Ethics Final paper

Ethics Final paper - Bixler Catherine Bixler Sidney...

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Bixler Catherine Bixler Sidney Littlefield Ethics and Society 4 December 2007 Virilio- Disaster Film In chapter three of his book The Original Accident, Paul Virilio discusses the multimedia footage of disasters that is increasingly aired on televisions all over the world. Virilio talks about how our obsession with viewing this footage has overcome us and turned us into a nation obsessed with violence and suffering. The media in our nation has become so grotesque- so crude and so violent- that as viewers at home, we are becoming more and more accustomed to and more and more dependent on seeing this violence and this disaster day after day. Movies with no plot but that of violence and torture such as the Saw series and Hostel are socially acceptable movies- they are shown in movie theatres all over town, and middle schoolers sneak into these movies unchaperoned to get their fix of violence, blood, and guts. The way our nation approaches violence can be compared to driving past a horrible car accident on the side of the road. The driver of any passing car can always be found slowing way down to look- hoping to see a dead body, but not really wanting to. Traffic always bottlenecks in the roads around these car accidents because everyone passing by has to try to catch a glimpse of the gore- a glimpse of the pain. Perhaps seeing this constant pain- this constant suffering on T.V. and in the news 1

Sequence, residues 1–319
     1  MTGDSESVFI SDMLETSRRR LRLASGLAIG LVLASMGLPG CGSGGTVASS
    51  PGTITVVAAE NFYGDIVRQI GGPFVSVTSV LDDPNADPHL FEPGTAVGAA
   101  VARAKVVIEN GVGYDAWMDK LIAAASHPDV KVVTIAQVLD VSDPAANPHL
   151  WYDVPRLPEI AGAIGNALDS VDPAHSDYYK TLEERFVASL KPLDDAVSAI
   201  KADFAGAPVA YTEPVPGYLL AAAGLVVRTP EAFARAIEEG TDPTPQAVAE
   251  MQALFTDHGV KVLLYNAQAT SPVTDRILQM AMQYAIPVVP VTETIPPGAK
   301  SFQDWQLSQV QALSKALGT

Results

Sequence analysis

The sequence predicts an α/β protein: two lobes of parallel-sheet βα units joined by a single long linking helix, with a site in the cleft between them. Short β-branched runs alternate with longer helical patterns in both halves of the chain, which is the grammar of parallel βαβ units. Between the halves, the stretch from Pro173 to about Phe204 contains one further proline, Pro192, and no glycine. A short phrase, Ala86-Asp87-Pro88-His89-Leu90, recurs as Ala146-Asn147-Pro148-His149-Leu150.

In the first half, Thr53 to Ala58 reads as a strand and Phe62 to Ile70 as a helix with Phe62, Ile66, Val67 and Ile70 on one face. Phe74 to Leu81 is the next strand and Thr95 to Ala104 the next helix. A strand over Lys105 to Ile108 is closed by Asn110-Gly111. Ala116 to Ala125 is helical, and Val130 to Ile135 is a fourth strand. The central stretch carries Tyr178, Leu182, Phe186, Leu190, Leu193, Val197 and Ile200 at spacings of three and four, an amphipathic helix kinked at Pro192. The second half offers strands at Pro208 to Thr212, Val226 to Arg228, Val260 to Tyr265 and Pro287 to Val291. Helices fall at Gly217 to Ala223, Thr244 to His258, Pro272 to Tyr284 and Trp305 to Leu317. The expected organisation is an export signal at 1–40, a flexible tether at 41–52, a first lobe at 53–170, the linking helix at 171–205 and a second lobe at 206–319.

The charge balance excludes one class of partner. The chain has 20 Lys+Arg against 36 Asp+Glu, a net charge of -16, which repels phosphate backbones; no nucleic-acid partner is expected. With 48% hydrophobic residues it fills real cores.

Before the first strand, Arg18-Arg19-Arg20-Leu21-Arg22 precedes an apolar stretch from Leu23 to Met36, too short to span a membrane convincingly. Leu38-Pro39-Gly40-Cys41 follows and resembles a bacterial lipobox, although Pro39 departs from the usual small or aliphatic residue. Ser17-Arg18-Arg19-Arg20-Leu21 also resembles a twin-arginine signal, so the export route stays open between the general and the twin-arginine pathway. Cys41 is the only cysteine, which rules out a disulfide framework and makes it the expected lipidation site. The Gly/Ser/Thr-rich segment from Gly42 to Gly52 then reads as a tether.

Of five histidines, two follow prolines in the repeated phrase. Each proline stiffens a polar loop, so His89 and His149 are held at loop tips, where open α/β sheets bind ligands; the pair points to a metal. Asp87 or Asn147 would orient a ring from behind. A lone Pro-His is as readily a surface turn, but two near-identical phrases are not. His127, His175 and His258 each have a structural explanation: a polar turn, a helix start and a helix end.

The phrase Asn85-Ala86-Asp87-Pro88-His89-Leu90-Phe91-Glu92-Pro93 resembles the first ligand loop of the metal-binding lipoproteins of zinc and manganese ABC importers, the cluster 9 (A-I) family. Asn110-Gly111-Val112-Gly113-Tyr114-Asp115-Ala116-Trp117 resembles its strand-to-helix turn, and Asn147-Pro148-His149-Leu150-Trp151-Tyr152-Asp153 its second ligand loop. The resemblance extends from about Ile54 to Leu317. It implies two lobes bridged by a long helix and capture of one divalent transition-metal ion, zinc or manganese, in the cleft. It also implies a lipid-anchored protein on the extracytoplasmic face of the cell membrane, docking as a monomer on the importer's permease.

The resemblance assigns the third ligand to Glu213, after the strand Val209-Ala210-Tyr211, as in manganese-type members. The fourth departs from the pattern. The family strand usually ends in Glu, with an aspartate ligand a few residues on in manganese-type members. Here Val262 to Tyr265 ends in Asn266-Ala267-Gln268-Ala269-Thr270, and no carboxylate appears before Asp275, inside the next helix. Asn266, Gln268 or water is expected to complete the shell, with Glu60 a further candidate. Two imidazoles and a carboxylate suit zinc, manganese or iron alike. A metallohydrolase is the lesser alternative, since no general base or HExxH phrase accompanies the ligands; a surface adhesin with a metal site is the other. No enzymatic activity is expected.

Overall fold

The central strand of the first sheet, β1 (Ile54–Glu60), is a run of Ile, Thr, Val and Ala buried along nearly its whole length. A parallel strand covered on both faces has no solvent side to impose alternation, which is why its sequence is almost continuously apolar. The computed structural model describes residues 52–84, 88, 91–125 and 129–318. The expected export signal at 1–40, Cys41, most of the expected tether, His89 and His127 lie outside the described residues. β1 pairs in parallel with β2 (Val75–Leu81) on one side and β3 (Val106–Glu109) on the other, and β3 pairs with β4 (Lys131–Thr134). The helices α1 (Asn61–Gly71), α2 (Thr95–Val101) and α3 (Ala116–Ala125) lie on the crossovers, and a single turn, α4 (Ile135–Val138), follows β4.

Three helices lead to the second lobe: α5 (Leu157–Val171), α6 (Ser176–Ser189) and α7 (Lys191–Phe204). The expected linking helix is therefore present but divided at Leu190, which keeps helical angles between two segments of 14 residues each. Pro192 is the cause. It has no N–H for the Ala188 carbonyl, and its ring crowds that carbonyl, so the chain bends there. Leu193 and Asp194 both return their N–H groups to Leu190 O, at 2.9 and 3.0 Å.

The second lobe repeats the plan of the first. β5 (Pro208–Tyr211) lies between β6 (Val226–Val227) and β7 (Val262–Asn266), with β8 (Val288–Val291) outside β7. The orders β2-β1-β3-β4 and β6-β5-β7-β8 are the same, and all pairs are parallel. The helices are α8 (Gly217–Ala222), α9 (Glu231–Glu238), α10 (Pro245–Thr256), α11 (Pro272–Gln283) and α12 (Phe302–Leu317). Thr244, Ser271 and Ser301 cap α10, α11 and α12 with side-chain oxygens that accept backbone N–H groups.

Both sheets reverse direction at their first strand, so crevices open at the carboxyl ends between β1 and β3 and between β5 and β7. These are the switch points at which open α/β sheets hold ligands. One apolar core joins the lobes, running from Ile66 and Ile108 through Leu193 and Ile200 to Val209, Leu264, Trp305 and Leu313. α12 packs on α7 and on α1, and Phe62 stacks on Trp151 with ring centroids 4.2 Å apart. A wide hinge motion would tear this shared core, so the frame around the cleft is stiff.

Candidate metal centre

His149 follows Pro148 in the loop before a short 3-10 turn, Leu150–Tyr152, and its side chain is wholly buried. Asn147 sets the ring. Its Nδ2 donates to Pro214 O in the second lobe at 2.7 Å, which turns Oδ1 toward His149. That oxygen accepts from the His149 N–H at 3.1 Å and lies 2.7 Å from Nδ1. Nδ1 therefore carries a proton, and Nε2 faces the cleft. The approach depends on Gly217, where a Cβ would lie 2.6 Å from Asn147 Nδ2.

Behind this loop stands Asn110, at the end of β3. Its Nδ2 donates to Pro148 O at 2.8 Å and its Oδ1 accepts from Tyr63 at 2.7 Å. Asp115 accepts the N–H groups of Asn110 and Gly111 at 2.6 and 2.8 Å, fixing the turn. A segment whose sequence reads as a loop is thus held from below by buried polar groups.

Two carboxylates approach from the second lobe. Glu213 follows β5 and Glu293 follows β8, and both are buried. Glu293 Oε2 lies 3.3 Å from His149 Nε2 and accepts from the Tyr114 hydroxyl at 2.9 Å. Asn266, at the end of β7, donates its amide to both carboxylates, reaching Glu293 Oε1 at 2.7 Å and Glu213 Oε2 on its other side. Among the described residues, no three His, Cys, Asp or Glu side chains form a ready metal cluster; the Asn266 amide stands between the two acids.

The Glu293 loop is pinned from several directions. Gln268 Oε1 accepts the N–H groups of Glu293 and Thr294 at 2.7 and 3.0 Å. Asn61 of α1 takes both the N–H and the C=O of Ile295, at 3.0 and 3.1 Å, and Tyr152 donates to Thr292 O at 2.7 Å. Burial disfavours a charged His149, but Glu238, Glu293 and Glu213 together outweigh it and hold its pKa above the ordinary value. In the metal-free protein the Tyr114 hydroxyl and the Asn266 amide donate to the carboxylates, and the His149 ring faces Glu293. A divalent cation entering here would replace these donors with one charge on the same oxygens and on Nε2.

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Bixler helps people appreciate their own personal lack of suffering. If a person sees on the news that a husband has shot and killed his neighbor’s family, he will not feel so bad about losing his job that day and will be thankful to be safe at home with a living family. Perhaps seeing live footage of people jumping out of their office windows on September 11 th , 2001 made families hug each other a little tighter and count their blessings more often. But why, then, is it necessary for the footage to be repeated? Why is our nation’s dependency on violence and gruesome events so acceptable now? Virilio says that “since 11 September 2001, as we’ve all been able to observe, media coverage of acts of violence has everywhere expanded”(Virilio 20). In saying this, Virilio is saying that in a way, the attack on the World Trade Center on September 11 th and the media coverage that followed it was the gateway- the excuse- that all other news networks and Hollywood film companies needed to release their most gory, grotesque footage and have it be accepted and viewed regularly. Much like the Zizek example of the portrayal of the
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Ethics Final paper - Bixler Catherine Bixler Sidney...

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